One of the extraordinary impositions of American commerce is a zany, optimistic arrogance and an unstoppable willingness to share it. Because I have run a business, I can tell any other professional how to run any other enterprise under the sun. Hmm. I have earned a wage as a law office gofer, a sportswriter, a construction inspector and surveyor, a teacher of grumpy Ozarkers, and a publisher. And I have yet to identify that profession to which the American businessman will defer and not offer his certain opinion of how you ought to run your operation. Sometimes it’s well-meaning, unmotivated, clear-eyed observation, freely shared, and then the feedback is well worth the listen. But sometimes it’s the kind of wisdom that gets grocery executives hired for top dollar to run your giant bookstore chain… into the ground.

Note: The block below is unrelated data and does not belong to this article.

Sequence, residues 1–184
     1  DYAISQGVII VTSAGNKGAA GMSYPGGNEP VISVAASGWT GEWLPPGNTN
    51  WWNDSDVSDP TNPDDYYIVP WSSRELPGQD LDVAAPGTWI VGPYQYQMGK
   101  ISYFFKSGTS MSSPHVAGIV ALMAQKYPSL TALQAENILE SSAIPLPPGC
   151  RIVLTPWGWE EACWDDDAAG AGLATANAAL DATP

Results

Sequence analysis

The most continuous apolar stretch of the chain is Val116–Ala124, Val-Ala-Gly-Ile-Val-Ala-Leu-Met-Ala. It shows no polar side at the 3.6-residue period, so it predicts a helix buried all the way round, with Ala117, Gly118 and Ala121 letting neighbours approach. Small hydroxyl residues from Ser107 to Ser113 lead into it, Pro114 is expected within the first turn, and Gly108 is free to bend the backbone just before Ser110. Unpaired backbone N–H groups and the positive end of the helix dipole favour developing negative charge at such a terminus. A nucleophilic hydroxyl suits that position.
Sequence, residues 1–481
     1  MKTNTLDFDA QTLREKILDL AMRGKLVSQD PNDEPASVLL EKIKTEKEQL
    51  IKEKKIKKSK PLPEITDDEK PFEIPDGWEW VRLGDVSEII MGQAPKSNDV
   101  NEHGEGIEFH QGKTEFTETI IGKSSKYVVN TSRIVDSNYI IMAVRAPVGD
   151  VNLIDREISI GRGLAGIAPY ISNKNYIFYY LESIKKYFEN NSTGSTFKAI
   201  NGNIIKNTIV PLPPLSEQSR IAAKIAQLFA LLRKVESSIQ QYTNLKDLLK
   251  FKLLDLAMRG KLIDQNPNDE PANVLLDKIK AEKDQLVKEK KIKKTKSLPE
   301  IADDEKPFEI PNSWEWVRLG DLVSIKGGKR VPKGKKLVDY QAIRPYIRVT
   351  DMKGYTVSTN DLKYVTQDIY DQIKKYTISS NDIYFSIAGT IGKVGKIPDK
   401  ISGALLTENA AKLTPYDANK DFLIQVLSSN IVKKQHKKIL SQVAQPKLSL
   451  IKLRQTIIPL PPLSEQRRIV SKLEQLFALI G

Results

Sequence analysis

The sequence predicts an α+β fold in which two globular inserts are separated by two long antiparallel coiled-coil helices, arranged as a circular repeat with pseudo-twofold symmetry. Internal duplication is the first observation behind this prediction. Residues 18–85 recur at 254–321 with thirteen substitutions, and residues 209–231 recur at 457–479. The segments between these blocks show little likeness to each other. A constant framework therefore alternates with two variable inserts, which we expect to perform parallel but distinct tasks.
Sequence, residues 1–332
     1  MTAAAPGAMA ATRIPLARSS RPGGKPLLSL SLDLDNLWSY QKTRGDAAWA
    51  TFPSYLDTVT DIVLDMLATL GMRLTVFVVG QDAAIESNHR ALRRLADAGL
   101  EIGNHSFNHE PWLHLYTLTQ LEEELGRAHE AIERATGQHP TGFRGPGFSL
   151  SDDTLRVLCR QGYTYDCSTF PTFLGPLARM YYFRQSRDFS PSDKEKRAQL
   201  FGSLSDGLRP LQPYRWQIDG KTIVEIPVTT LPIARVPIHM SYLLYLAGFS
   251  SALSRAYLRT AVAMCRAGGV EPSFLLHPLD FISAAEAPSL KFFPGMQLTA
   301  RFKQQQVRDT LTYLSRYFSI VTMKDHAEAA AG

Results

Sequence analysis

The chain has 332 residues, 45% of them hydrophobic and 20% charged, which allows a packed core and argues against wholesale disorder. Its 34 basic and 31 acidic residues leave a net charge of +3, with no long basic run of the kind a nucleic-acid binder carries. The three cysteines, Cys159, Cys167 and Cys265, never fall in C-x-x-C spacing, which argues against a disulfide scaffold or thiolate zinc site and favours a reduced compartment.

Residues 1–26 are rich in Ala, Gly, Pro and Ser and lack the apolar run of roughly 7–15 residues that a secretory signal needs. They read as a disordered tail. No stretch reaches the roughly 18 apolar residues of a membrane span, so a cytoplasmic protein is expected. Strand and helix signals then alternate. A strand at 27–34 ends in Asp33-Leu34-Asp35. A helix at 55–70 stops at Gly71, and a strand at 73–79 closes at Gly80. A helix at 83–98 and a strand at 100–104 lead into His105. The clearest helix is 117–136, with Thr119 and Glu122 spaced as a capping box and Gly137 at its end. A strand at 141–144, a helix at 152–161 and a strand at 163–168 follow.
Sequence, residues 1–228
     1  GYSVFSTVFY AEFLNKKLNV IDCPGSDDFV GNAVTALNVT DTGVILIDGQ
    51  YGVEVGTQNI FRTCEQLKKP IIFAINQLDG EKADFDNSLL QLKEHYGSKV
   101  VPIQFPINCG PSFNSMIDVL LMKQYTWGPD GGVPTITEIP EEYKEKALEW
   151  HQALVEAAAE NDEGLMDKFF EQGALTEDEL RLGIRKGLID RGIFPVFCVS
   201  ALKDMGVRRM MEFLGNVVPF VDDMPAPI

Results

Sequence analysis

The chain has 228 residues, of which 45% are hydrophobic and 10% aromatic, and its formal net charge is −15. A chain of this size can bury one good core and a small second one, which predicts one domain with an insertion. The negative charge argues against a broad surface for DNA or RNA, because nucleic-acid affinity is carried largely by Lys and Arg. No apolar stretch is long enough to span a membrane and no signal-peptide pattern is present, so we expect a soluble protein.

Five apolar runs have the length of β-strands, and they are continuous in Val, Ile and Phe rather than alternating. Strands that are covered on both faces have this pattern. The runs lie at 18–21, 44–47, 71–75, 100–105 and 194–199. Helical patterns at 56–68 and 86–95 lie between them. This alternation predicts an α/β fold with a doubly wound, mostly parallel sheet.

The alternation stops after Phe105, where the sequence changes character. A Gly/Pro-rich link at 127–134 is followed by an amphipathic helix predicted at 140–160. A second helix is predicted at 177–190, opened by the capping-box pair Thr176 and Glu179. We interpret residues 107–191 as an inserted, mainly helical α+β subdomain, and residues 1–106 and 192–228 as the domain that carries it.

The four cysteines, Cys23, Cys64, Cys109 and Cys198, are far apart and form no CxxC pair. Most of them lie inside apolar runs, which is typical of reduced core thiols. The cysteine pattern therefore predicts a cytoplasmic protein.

No one knows about this book. You would think niche and scale would make all kinds of immediate sense to the business mind. But despite some flickers of refined reasoning from Seth Godin and Chris Anderson and David Meerman Scott, American business advice on the whole remains fixated on mass success, worldwide, blockbuster sensation. Everything regional publishing is not. When we hear feedback, it’s as if scale was taught and forgot at business school, like scansion at the English department!